DoDMERB Situation?

Discussion in 'DoDMERB' started by taffy, Jul 6, 2006.

  1. taffy

    taffy New Member

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    Alright, so I see that there's some good DoDMERB help on this board, so I figure I'll try to ask what my situation is.

    I had some childhood wheezing, brought on by having a cold, from ages 9 to 13, very randomly. I had an inhaler for it and the wheezing would go away when id use it (very rarely). The LAST occurance was like a month after my 13th birthday, which sucks, because that seems to be the arbitrary cutoff.

    My current DoDMERB disqualification is wheezing/RAD/asthma after age 13, so its not all that wheezing from ages 9-12 but that one occurance a month after my 13th bday.

    Now, I have heard of people taking the methacholine test or whatever its called. Is this to rebute the DQ status and get it changed to PPQ, or is it just to obtain a waiver?

    I have applications opened for the class of 2011 at USAFA, USNA, and USMA. I was actually a class of 2010 candidate for USMA, USCGA, and USMMA. Both USCGA and USMMA granted me waivers for my DQ, but USMA never attempted to because I wasn't ranked high enough in my district.

    From the article I just read, it seems like USAFA is anal about anything, so that worried me into creating this thread. Are the academies the same in terms of what they will waiver? An admissions officer at USMA told me "i mean... if coast guard granted you a waiver... i don't see why west point wouldn't."

    thoughts?

    thanks

    giggity giggity, giggity goo.
     
  2. RetNavyHM

    RetNavyHM USN (RET)

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    taffy,

    All the waiver authorities are separate, which means that one may grant a waiver while the others may not. Obviously, as you mentioned in your post, if you are not in the running for an appointment, the waiver authorities will not look at your medical package.

    The fact that you recieved waivers for the last cycle from both USMMA and USCGA is a very positive thing. Both of those waiver authorities are tough when it comes to waivers. As for USAFA being more difficult to get waivers from, that hasn't been my experience over the past 5 years.

    Based on what you have said concerning your history of asthma, there should be no reason for any of the SA's or ROTC programs not to grant your waiver (I have been wrong in the past though!). DoDMERB is black and white, while the waiver authorities have all the grey area in the world to play with. They look to see when the last attack was, when the last medication was prescribed, and what your current level of physical activity is.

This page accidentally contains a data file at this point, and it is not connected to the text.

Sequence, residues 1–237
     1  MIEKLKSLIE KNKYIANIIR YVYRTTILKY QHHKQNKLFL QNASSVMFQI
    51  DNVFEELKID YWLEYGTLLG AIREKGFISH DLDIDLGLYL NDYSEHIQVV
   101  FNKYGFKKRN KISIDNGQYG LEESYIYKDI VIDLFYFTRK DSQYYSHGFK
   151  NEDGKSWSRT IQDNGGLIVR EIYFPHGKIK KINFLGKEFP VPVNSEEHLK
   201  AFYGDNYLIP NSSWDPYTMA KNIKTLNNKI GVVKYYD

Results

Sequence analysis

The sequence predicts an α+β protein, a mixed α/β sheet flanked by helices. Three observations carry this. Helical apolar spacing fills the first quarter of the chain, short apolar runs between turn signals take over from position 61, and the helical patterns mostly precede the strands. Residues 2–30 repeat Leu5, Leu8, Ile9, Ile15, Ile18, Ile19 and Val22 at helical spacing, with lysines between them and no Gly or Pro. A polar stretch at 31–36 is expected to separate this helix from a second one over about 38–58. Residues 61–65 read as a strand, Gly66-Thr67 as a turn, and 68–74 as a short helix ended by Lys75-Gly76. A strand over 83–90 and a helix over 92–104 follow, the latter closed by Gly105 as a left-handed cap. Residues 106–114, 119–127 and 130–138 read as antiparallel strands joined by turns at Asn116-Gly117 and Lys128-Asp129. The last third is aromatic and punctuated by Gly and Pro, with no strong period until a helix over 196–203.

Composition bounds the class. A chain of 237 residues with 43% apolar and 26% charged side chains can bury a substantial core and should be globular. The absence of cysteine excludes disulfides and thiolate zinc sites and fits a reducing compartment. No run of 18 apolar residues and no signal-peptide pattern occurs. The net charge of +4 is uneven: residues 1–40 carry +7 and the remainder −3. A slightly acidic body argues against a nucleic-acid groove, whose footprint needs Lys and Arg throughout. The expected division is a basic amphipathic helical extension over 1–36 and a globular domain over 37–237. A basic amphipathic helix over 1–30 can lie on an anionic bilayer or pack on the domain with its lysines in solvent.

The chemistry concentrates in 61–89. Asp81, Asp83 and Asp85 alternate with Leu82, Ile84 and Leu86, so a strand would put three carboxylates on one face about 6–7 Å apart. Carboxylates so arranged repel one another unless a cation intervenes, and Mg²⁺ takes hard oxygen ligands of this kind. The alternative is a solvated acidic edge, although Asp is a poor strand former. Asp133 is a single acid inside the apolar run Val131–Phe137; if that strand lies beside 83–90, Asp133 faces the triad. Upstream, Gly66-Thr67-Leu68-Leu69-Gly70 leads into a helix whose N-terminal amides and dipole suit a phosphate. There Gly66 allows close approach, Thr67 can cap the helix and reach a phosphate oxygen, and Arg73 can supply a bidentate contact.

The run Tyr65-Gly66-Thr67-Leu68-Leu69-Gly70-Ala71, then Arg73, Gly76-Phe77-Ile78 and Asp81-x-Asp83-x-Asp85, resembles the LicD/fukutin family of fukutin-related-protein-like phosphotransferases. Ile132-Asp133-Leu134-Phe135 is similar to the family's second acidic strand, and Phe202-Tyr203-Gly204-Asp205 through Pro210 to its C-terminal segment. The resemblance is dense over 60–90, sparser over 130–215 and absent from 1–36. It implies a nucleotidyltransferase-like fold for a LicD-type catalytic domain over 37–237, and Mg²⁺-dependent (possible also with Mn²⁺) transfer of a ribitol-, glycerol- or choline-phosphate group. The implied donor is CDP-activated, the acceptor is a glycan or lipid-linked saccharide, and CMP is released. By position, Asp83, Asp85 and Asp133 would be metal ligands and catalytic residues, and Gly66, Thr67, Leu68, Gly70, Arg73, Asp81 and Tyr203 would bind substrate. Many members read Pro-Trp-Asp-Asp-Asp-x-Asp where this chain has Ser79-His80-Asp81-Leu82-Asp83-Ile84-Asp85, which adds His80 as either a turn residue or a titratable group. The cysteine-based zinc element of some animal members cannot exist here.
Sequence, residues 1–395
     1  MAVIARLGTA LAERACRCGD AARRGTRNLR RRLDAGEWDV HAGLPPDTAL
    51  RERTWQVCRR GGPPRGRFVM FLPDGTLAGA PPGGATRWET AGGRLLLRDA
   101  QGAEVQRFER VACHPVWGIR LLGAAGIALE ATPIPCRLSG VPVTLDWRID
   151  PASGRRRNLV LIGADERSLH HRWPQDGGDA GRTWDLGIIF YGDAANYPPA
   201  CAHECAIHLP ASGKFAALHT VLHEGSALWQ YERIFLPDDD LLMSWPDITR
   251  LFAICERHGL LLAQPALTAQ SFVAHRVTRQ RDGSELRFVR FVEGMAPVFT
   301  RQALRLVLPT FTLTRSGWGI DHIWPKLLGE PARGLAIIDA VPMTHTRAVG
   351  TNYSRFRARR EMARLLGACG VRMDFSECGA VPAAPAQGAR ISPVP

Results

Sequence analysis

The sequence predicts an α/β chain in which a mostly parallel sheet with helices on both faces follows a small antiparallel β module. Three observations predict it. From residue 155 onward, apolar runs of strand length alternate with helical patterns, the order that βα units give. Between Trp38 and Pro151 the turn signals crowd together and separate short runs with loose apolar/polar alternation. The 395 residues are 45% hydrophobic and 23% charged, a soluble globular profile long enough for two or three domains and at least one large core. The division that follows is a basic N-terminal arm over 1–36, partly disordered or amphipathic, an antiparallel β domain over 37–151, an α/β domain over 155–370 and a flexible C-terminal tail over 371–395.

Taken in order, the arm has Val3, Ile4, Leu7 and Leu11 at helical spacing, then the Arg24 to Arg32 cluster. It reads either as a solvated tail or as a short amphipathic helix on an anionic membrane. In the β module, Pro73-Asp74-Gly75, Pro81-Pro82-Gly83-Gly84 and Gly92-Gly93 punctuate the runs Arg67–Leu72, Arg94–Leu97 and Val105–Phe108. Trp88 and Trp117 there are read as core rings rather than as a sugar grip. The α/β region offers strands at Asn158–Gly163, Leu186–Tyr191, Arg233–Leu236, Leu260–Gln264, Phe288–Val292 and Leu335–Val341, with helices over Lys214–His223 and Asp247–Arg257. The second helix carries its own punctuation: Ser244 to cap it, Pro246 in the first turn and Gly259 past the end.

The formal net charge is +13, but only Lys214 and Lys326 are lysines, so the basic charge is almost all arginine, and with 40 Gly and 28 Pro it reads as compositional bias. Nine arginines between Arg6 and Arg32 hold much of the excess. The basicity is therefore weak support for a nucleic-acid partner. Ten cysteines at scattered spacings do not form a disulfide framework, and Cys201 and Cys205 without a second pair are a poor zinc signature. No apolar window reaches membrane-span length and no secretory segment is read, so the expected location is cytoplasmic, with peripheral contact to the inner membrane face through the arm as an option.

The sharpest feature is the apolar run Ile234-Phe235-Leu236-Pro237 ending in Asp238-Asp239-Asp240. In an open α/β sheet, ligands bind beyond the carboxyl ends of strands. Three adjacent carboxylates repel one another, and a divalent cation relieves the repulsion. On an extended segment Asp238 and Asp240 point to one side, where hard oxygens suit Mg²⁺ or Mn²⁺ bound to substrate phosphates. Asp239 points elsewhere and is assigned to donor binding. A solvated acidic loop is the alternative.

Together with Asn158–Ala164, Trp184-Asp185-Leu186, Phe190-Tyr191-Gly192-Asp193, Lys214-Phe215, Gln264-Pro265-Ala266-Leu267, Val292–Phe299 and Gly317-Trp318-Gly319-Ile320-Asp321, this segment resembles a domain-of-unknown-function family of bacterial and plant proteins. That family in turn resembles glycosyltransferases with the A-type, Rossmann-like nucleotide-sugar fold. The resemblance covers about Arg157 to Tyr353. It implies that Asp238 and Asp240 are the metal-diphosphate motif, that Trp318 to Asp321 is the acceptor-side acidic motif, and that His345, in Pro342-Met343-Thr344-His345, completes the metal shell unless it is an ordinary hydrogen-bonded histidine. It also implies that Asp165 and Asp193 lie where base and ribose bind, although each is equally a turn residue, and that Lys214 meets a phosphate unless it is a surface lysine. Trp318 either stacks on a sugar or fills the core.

I would not go out and get any tests at this point in time (the methacholine challenge test runs around $1000). DoDMERB more than likely will not change the disqualification since it is a history of, and you can't change your history.

    My suggestion to you, when you are found disqualified by DoDMERB for the new cycle for the acadmies you've applied for, you will need to request the waiver in writing to USAFA (and to USCGA again), the others are all automatic. In your letter I would state in your words what happened as far as the asthma, how you were limited in your activities (if at all), when the last time you used the medication and what activities you are currently participating in. If the waiver authorities ask for additional testing that is when I would get what they ask for. You have plenty of time at this point, so there is no rush to go out and get it done.

    I hope this helps!
     
  3. taffy

    taffy New Member

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    great, thanks.
     
  4. taffy

    taffy New Member

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    do you think that this would be waiverable to make me PPQ? Like will it raise any problems at FC1? I'm in air force rotc right now and dont want to get to the point where im committed and then not be able to fly due to this DQ...
     
  5. RetNavyHM

    RetNavyHM USN (RET)

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    taffy,

    The aviation medical standards are different for each service, and since I have never dolt with any AF aviation issues I can't speak on that. For Navy Aviation, any history of asthma after age 13 is a disqualification, but can be waived if through testing there is no evidence of asthma or reactive airway disease. I would suggest speaking with someone who is familiar with AF aviation medical requirements.
     

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